Spring, as it’s wont to do, is proceeding in fits and starts. We shivered through a Cubs game yesterday afternoon, only to find ourselves eating dinner on the deck—sockless! with candles!—that very same night, as the mercury climbed to seventy (!) degrees. Today, it was back to steel gray skies and blustering wind and that tiresome chill. And that, in a nutshell, is how this brief spell between winter and summer typically unfolds for us here in Chicago. We are teased with warm days, tall blue skies, and bright sunshine, only to have the rug pulled out from under us before we can even bust out a single sundress.
So. I’ve decided to throw winter a going away party. I figure that if we properly fête winter—celebrating all that was great about the all-too-long season—it will uproot itself and fade away. Who’s in? Without further ado, here are the things I’ve loved about this winter:
Kale. Kale with pasta—whether it’s my own rustic version or The Bristol‘s more elegant version, with rich and lemony kale threaded around delicate garganelli. Kale in risotto. Kale shredded, roasted and tucked into a quinoa-feta salad. Kale beneath the runny yolk of a fried or poached egg. Or kale, best of all, sliced into thin strips and perched atop a pizza, under a drizzle of olive oil and a goodly pinch of red pepper flakes—the pizza that you see pictured in this post (recipe below).
Sunny Saturday afternoons. Whether spent in the bright, bustling front room of Big Star, over beers and guacamole, where the yellow chairs and lime juice can warm up even the worst winter day, or spent in the Loop, which transforms into an almost peaceful place after the work-a-days filter out on Friday night, or in the kitchen, where the oven’s warmth welcomes and the dough that must be kneaded or the sugar and butter that must be creamed lend the day a worthy purpose.
Pickled Onions. Harsh and bright and a little sweet, if you pay close enough attention, pickled onions are not all that unlike winter, really. I’ve been eating them atop this salad every chance I get, but I haven’t stopped there. They’re wonderful on sandwiches, atop pizzas, and tucked into tacos (both the dinner and the breakfast kind).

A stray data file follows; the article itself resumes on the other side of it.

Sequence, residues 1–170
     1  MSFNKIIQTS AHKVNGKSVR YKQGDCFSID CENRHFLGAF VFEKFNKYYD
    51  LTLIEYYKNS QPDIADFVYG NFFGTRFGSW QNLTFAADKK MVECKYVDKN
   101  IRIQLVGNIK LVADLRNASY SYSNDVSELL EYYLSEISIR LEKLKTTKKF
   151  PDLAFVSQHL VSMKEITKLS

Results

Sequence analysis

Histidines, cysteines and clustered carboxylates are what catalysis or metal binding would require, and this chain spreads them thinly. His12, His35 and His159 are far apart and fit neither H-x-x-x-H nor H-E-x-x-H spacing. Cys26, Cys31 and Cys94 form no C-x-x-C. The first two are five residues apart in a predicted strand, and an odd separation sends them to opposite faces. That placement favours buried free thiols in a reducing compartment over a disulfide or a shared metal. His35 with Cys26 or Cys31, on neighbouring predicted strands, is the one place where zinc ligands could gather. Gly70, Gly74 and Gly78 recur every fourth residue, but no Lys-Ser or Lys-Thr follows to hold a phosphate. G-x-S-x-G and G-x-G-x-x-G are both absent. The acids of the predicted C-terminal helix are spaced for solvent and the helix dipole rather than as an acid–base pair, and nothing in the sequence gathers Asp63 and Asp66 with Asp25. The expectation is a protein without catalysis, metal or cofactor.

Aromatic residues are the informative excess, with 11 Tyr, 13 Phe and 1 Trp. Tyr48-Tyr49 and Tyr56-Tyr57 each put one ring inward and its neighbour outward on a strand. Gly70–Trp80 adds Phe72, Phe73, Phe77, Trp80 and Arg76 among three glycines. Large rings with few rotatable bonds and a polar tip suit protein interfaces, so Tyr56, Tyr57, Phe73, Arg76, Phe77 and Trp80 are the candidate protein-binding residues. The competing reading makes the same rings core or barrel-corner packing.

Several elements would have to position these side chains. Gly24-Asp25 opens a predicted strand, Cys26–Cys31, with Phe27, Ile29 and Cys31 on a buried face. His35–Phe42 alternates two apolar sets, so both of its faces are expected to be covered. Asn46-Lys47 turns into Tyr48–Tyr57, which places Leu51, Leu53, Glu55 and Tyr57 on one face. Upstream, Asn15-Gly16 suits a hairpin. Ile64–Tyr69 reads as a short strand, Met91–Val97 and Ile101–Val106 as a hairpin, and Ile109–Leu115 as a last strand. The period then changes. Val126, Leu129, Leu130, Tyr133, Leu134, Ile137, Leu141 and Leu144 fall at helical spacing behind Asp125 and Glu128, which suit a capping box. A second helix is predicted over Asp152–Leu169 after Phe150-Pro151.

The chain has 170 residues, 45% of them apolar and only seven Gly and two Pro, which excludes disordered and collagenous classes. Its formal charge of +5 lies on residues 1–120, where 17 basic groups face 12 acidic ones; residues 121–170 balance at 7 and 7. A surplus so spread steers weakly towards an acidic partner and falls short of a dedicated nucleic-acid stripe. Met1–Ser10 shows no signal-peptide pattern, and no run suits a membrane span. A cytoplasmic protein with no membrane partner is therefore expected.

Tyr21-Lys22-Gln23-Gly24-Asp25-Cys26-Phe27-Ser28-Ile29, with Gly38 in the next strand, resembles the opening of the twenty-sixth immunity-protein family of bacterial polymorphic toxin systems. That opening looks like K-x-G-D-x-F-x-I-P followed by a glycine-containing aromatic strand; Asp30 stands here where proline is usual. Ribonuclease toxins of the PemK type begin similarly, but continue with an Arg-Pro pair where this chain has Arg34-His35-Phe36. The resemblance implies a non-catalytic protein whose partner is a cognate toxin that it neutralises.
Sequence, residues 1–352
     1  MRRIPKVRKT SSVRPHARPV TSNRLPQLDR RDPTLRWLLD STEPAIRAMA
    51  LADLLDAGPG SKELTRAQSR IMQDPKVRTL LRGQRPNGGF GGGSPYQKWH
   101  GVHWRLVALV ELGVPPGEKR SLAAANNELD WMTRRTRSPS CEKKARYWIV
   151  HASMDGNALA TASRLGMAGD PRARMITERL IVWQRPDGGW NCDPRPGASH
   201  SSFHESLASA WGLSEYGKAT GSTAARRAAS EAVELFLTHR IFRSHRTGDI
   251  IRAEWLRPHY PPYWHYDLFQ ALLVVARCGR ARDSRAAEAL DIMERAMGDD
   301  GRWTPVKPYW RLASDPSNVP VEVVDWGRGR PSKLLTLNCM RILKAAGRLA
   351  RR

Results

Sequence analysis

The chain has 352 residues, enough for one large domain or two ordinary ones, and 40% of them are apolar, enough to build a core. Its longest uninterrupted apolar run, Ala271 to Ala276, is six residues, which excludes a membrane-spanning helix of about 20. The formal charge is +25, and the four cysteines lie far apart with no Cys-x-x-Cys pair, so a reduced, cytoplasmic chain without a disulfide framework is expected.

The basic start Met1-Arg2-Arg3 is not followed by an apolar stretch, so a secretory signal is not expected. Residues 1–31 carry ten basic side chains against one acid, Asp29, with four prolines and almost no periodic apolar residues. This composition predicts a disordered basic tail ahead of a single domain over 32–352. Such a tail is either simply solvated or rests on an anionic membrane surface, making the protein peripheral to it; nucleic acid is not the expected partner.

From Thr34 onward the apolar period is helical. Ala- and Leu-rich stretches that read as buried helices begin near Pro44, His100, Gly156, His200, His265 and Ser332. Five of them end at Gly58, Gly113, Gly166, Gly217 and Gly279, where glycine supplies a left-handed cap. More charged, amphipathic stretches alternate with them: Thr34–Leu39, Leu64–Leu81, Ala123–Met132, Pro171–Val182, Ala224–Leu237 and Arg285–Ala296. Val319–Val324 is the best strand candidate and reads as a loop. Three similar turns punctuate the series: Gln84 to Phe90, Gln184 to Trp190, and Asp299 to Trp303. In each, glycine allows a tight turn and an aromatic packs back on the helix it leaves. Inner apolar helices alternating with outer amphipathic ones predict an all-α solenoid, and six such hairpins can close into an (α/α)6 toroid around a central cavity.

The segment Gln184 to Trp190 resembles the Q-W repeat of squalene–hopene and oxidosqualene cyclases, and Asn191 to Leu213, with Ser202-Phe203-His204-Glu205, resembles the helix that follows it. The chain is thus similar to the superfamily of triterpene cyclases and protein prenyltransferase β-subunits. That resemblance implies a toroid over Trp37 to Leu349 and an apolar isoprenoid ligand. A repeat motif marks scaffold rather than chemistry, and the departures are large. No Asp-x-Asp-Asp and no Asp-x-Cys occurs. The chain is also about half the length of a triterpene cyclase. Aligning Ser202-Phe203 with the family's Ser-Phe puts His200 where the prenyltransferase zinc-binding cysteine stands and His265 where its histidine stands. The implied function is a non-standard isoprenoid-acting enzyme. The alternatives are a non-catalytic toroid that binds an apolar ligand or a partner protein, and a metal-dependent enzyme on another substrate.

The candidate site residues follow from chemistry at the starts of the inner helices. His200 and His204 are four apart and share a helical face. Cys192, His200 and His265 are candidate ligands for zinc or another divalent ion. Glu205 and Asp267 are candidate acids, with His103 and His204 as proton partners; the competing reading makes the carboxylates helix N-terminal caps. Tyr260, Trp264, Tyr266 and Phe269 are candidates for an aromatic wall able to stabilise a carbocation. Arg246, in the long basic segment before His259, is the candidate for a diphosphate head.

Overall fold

Basketball. I’ve gotten into the Bulls this season, which is easy to do when all they do is win. I’ve been lucky to attend a couple games—including one in which they stomped the Heat—but not lucky enough to make the Kiss Cam on the Jumbotron. There’s always next season. Also: Butler. Here’s where Kevin starts rolling his eyes, because he thinks my full-blown crush on Brad Stevens is ridiculous. I respectfully disagree with him. Tonight, I say, go Bulldogs!
Citrus. It’s been a juicy winter around here. From grapefruits to lemons to limes to oranges (big ones, tiny ones, ruby-fleshed ones), I’ve had my fill of citrus over the past couple of months. Now, I’m ready to say goodbye. Winter: the same goes for you.
Spicy Roasted Kale Pizza
Crust Recipe Adapted from The Fresh Loaf
Yield: 1 10-inch pizza
1 1/4 cups all purpose flour
3/4 teaspoon sugar
1 teaspoon kosher salt
1/4 teaspoon instant yeast
1 1/2 teaspoons olive oil
1/2 cups room-temperature water
2 tablespoons or so of tomato sauce
6 to 8 thin slices of buffalo mozzarella
1 small bundle Tuscan kale, trimmed and thinly sliced
extra-virgin olive oil, for drizzling
red pepper flakes, to taste
Whisk together the flour, sugar, salt and yeast in a medium mixing bowl. Add the oil and water; stir vigorously until the ingredients are combined. Set the dough aside to rest for 5 minutes. On a lightly floured counter, knead the dough for 3 to 5 minutes, adding more water or flour if necessary. Transfer the dough to an oil lined bowl; allow to rest for 1 hour.
Place a pizza stone on the floor of the oven. Preheat the oven to 500 degrees.
Prepare a piece of parchment paper roughly the size of your pizza stone. Dust the parchment very lightly with cornmeal or flour. Press the dough into a round on the cornmeal-dusted parchment paper. Spread a very thin layer of the sauce on the dough. Top with the cheese. Pile the shredded kale on top of the cheese, drizzle with olive oil and a big pinch of red pepper flakes.
Wearing oven mitts, transfer the pizza, on the parchment paper, onto the preheated pizza stone (keeping the parchment between the pizza and the stone). Bake for ten minutes, then check the pizza once a minute until the dough is slightly charred in spots and the kale is browned and crisp. Wearing oven mitts, lift the pizza on the parchment off the stone and onto a board. Slide the parchment out from under the pizza and discard it.
Slice and serve hot.